Just over a week ago I left London and flew to Mexico. I'm out here for a month, working, travelling and learning spanish, before I head down to Central America and Cuba.
This weekend I travelled to Moon Palace Golf and Spa Resort for a work conference, and while there I got involved with something very special.
It's a stunning 5-star all inclusive resort, so I assumed I would spend my weekend eating, drinking and perhaps watching a Mexican Michael Jackson tribute act! Most of these did happen... but my highlight by far was a conservation project run by the hotel which helps protect sea turtles.
Every year thousands of sea turtles lay eggs in the soft white sand of Mexico's Caribbean coast line. When the female is ready to lay her eggs, she comes ashore at night, uses her flippers to dig a nest, deposits her eggs and covers with sand.
It's a strange life - after burying the eggs, she then heads back to the ocean and is unlikely to ever see her offspring. The turtle nesting season runs from May to October with each female laying around 100 eggs. Each day, the turtle conservation project collects the eggs and places them in a protected area on the beach, away from predators. 4 of the 8 species are very endangered.
It was refreshing to see a hotel working with a worthwhile project - too often resorts are keen to sell you activities to see local wildlife, and many do not have the animal's best interests at heart. This project is able to educate tourists, and make a difference.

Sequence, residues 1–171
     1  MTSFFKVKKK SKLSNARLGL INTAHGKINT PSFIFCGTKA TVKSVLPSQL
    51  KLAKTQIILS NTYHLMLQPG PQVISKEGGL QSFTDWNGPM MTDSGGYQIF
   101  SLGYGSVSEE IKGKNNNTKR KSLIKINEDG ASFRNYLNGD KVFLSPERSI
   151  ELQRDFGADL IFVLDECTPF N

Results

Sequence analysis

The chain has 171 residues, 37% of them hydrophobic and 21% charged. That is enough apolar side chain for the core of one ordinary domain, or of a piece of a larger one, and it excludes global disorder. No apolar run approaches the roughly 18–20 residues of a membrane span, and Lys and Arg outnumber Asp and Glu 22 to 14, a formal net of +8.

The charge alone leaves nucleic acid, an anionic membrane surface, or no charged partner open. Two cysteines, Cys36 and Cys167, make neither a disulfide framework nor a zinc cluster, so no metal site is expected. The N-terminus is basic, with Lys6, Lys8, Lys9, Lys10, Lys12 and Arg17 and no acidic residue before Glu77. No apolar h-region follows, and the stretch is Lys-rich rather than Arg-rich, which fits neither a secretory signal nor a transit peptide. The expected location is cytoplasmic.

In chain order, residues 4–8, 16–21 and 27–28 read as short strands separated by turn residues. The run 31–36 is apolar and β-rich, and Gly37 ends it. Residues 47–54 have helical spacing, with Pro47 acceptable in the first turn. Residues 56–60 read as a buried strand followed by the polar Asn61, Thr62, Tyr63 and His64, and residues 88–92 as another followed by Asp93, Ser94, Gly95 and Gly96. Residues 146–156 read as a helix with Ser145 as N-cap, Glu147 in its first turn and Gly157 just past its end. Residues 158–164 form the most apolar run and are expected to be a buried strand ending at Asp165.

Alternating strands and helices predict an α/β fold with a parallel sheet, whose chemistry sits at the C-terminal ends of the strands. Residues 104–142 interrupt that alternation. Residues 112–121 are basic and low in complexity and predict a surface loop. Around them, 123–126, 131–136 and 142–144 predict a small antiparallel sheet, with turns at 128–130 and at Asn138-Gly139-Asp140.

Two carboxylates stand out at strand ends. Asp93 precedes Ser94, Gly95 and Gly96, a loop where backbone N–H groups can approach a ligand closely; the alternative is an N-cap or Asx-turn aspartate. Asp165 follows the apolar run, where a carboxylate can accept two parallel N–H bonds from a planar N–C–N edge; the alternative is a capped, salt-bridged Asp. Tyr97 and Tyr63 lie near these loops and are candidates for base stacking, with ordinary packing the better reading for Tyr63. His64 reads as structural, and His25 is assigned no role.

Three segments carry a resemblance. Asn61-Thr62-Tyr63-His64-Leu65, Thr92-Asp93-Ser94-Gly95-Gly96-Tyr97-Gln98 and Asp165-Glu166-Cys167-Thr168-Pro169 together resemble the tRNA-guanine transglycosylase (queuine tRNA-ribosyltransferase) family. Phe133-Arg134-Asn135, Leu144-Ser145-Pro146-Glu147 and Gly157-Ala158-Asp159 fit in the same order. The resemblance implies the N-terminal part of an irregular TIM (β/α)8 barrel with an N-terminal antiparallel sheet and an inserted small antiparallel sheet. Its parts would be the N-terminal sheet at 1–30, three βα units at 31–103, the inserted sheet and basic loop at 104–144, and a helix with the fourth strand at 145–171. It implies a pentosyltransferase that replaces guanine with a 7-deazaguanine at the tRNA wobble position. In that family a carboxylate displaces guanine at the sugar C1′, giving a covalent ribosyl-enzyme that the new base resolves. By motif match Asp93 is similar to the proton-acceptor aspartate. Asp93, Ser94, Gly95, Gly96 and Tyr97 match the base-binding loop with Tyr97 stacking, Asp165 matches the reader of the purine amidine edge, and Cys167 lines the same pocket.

We were each handed a baby turtle, and told to hold it by the sides as they are strong and will run away! Camera flashes were turned off as they disorientate or even blind the turtles. It was only right that we named them - mine was called Tijuana the Turtle! We then collectively placed them on the sand and watched them take their first steps towards their new life in the water. It was an incredible, and very moving sight. We watched as some struggled with basic coordination and others went the wrong way - it didn't bode well! But we were reminded that we had all made a difference - that turtle now stood a chance of making it.
Tragically, for every 1000 turtles released into the sea, only 1 will make it to full size as there are so many dangers lurking - from large sea birds swooping, to crabs, and other sea creatures. Not to mention some are just not strong enough to cope.
Earlier this year I travelled to Akumal, a beach south of Cancun which is home to a large sea turtle population. With a snorkel and flippers you can swim alongside these beautiful creatures in the wild. It was one of the most magical experiences of my life. I just hope I can come back in a few years to check how Tijuana is getting on!
Find out more about the project here.Suggest a correction